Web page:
Under an azure-blue sky filled with cottony clouds, two women, Akiko Ishiguro and Michiyo Igarashi, work in a field harvesting fat, deep-orange carrots, large, cream-colored daikon and magenta-hued edible chrysanthemum blossoms. They’re members of Konohana Family, an intentional community and organic farm in Shizuoka Prefecture, Japan, where the values of a ’60s-era back-to-the-land commune, hard work and a deep respect for microbial activity and fermentation in all its forms combine to produce a vast array of top-quality produce and handmade products.
The vegetables the two women farmers are harvesting — among more than 260 different crops grown on the farm — have been treated with the farm’s own brand of organic fertilizer, the key ingredient of which is a fermented microbial brew they call Konohana-kin, or “Konohana bacterium.”
Beneficial bacteria are everywhere at Konohana, not just in its fields but in its chicken feed, its beehives and its composting toilets. In the family’s spacious dining hall, they can be found in microbially fortified water and juice, in the large array of pickled vegetables, in the “enzymatic” brown rice and in the farm-fermented soy sauce and miso that are staples of every meal. Konohana Family, it could be said, runs on fermentation.
When I discovered that the 78-member farm and community, founded in 1994 and located 90 miles southwest of Tokyo in the shadow of Mt. Fuji, accepts visitors from all over the world, I signed up online for a visit (¥5,400 a night, including lunch and dinner, or about $48). You can board a commuter bus at Tokyo Station, the scene of rushing commuters and the incessant blaring of platform announcements, and in under three hours find yourself in the sleepy village of Taiseki, a part of Fujinomiya City.
I’m met at the station by a slender, quiet man named Nakanon Yoshifumi, who I later discovered works for Konohana’s accounting and eldercare sections. Lunch is underway, so I pay my room and lodging fee, set my bags down in a serene, tatami-matted guest room and make my way to the dining hall.
A server hands me a beautifully composed plate that includes three of the 10 types of rice grown on the farm. One of the house specialties, koso genmai, is the aforementioned enzymatic brown rice. The rice, along with salt and adzuki beans, is cooked in a pressure cooker. On this day, it’s been mixed and cooked with indigenous red and black rice. The mixture is fermented for three days at a temperature of 60°C (86°F) to cultivate health-giving enzymes. “It’s easier to digest that way,” explains Michiyo Furuhashi, whose multiple titles include director of Konohana’s not-for-profit arm Green Grass and director of Konohana Family’s agricultural union.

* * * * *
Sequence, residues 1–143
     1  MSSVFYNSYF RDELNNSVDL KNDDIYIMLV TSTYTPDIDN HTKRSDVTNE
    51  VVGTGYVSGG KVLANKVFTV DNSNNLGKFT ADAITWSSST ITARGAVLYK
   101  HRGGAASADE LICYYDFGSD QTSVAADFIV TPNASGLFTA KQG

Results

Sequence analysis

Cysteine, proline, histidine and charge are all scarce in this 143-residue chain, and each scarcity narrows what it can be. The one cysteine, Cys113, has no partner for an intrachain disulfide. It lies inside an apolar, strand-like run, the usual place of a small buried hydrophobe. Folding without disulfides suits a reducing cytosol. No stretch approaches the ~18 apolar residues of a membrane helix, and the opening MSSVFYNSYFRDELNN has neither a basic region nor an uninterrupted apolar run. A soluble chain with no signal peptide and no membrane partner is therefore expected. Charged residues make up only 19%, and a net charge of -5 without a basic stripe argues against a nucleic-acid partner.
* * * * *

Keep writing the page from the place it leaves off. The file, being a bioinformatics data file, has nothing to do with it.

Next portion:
The food is delicious and abundant — a good thing, since family members work seven days a week, and most of them (except for children and those who request breakfast), eat only twice a day, at lunch and dinner. A longer fast, says Furuhashi, is better for the digestive system. The digestive process is a particular concern of Japanese in general, and Konohana Family is no exception.
There is cabbage slaw with ginger dressing; purple, yellow and orange carrots stir-fried and seasoned with soy sauce and sweetened rice vinegar; steamed cauliflower with what seems to be a rich egg-based dressing but turns out to be made of tofu (Konohana Family has recently made the decision to turn vegan); baby bok choy; daikon leaf and sesame oil; Korean mu buckwheat with a tare sauce; seasoned konnyaku, or devil’s tongue, and a deeply rich and satisfying miso soup.
On the table are jars of a white powder, ground shimon (Caiapo), a kind of South American potato and folk remedy. Everything there, with the exception of condiments such as oils, vinegars and spices, has been grown on the farm, explains Furuhashi. Konohana water, alive with beneficial microorganisms, can be spiked with dried chili pepper to enhance appetite.
Located in a unique, temperate microclimate about 300 meters above sea level, Konohana’s land features stands of cedar, cypress, palm, loquat, kiwi, plum, peach, persimmon, chestnut and even Japanese almond trees.
“Even though snow falls on the Asagiri plateau, just 15 minutes by car from here, we mostly get gentle rain,” said Furuhashi.
Our first stop is the chicken coop, housing 200 Boris Brown chickens, selected for their disease resistance and strong egg-laying capabilities. When the collective voted to become vegan two years ago it reduced its chicken population from 900 to 200 laying hens, and only two of the farm’s eight chicken pens are now occupied.
The brood’s feed is made of rice, pounded rice bran, and okara (tofu lees), rolled oats, corn, oyster shell and crab shell meal, all mixed with Konohana-kin, the fermented elixir made using Effective Microorganisms (EM) developed by Dr. Teruo Higa.